On February 23, 2016, Consumer Financial Protection Bureau (“CFPB”) Director Richard Cordray signaled that the Bureau’s anticipated rulemaking on short-term lending is likely to closely resemble its March 2015 “Outline of Proposals Under Consideration and Alternatives Considered” for regulating the payday, or short-term lending market.
During remarks before the Credit Union National Association, Director Cordray stressed that new entrants to the banking system must “be able [to] repay their loans and still meet financial obligations, such as rent or a mortgage payment, while covering living expenses such as food, transportation, and child care.”
Director Cordray affirmed that the Bureau is still considering requiring short-term lenders to make an “ability-torepay” determination, which would involve evaluating a prospective borrower’s ability to repay an obligation based on his or her income, major financial obligations, and borrowing history before making a loan. His remarks also confirm that the Bureau is still contemplating allowing short-term lenders to avoid the ability-to-repay determination by offering products with certain structural and screening protections, which could function similar to the qualified mortgage safe harbor set forth in recent amendments to Regulation Z.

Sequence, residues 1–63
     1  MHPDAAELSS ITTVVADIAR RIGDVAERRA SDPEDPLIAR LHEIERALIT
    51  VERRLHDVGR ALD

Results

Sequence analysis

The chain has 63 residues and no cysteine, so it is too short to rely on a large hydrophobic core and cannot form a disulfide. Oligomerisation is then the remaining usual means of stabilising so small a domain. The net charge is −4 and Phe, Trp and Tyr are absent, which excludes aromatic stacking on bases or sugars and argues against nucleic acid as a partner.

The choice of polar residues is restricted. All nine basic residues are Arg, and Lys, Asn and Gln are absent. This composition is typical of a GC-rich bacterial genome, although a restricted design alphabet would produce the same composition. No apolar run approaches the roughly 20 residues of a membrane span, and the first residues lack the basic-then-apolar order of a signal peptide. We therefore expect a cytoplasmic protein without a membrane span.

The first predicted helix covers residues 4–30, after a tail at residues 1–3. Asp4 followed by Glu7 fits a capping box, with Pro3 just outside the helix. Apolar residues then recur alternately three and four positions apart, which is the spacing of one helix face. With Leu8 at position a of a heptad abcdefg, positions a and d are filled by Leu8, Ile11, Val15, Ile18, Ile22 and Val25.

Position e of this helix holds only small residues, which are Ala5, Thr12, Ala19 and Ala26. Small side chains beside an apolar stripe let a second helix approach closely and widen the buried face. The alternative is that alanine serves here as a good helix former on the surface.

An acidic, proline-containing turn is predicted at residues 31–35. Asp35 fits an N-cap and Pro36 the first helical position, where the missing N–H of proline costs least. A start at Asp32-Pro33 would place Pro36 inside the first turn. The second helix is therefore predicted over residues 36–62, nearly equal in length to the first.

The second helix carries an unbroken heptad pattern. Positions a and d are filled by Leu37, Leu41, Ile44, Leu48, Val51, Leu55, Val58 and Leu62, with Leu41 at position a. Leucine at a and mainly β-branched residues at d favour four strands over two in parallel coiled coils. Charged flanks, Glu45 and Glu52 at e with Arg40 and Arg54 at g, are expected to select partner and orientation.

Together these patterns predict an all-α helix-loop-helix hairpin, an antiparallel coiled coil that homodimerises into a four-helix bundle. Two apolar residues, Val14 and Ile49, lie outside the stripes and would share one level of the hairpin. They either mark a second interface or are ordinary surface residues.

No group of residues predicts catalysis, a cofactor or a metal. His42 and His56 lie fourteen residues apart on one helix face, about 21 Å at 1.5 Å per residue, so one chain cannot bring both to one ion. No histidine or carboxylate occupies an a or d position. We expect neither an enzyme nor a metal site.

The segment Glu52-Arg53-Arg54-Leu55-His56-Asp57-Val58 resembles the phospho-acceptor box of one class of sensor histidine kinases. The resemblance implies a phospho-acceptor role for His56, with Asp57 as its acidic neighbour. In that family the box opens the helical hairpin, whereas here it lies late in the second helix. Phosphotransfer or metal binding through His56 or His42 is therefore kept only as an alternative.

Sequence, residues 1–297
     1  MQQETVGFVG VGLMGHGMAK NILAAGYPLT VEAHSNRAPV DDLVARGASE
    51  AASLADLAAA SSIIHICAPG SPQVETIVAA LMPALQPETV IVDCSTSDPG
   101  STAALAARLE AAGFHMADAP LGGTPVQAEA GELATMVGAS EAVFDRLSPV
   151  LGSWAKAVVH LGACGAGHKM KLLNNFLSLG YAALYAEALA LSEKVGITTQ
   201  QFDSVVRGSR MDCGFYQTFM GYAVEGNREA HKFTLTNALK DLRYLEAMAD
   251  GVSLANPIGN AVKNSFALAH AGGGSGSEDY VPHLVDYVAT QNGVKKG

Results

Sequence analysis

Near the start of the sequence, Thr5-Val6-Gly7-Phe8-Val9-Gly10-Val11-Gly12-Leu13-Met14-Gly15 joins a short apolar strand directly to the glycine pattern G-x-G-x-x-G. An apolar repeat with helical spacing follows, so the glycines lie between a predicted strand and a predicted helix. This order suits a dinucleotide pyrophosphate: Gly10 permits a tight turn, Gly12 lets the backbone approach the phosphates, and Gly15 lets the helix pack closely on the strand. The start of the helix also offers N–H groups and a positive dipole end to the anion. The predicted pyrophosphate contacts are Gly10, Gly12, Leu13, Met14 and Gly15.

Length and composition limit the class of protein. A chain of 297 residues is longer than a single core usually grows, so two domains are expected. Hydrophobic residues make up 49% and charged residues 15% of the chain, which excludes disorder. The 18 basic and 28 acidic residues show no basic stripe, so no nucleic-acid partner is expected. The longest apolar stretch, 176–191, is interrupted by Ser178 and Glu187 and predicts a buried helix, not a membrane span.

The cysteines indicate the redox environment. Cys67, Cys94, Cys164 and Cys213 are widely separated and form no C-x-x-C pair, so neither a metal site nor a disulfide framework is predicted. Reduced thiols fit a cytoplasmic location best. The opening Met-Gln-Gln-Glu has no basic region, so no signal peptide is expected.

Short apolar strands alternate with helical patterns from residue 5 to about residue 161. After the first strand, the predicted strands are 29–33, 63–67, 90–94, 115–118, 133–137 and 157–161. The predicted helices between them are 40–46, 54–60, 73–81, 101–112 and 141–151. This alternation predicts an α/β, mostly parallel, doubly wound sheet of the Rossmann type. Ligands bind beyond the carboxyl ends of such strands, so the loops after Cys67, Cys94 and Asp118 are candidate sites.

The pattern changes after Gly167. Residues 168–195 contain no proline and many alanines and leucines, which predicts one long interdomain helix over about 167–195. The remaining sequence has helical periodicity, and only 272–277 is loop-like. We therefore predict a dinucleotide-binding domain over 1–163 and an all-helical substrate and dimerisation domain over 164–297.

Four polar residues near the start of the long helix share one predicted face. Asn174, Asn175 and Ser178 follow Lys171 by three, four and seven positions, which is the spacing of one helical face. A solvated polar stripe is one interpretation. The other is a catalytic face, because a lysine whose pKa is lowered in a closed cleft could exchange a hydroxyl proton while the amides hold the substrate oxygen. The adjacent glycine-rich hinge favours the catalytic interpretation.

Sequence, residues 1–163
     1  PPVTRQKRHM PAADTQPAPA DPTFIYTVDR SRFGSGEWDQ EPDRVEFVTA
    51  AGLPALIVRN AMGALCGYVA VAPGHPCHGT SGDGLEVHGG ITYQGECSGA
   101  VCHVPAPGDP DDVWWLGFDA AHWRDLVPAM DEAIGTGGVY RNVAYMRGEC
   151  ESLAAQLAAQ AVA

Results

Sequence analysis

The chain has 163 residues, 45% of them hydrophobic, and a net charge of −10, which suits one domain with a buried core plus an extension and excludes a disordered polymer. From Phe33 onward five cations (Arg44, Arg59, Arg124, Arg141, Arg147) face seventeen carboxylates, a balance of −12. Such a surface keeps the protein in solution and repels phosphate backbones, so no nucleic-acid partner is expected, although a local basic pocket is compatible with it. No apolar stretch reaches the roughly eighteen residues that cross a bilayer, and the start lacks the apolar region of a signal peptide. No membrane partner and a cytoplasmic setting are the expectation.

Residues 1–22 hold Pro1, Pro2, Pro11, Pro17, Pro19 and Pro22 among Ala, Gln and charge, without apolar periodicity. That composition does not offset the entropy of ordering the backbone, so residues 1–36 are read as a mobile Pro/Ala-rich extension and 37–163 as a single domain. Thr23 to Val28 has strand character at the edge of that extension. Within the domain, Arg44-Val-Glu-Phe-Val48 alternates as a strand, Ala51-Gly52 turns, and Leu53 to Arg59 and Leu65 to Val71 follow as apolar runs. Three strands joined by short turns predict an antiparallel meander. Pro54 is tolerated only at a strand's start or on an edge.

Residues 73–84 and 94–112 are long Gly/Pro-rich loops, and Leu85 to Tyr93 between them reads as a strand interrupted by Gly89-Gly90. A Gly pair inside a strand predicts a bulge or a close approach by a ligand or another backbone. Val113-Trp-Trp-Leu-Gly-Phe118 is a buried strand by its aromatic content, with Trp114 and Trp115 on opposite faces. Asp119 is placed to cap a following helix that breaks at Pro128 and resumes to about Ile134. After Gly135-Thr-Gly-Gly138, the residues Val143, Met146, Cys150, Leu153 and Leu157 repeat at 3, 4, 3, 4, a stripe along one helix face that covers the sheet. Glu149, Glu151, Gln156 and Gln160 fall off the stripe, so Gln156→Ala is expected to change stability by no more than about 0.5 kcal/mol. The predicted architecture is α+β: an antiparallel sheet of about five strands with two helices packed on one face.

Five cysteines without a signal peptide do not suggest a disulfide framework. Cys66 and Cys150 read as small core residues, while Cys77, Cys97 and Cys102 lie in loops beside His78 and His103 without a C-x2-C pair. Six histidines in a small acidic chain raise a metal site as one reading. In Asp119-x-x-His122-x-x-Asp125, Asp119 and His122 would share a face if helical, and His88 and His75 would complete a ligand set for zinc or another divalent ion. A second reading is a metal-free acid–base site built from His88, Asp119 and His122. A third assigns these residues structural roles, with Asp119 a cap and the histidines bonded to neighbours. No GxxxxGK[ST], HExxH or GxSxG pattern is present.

In March 2015, the CFPB released an outline of proposals to regulate short-term lending products such as payday loans, vehicle title loans, installment loans, and certain lines of credit. Categorizing provisions for “shortterm loans” and “longer-term loans,” the outline considers two different approaches that a lender would be able to choose from: “debt trap prevention” and “debt trap protection.”
Director Cordray’s recent remarks suggest that despite the feedback received from the industry, the CFPB is unlikely to significantly modify its March 2015 proposal.
A proposed rule is anticipated from the CFPB in March 2016. We will continue to monitor developments relating to the CFPB’s short-term lending proposal.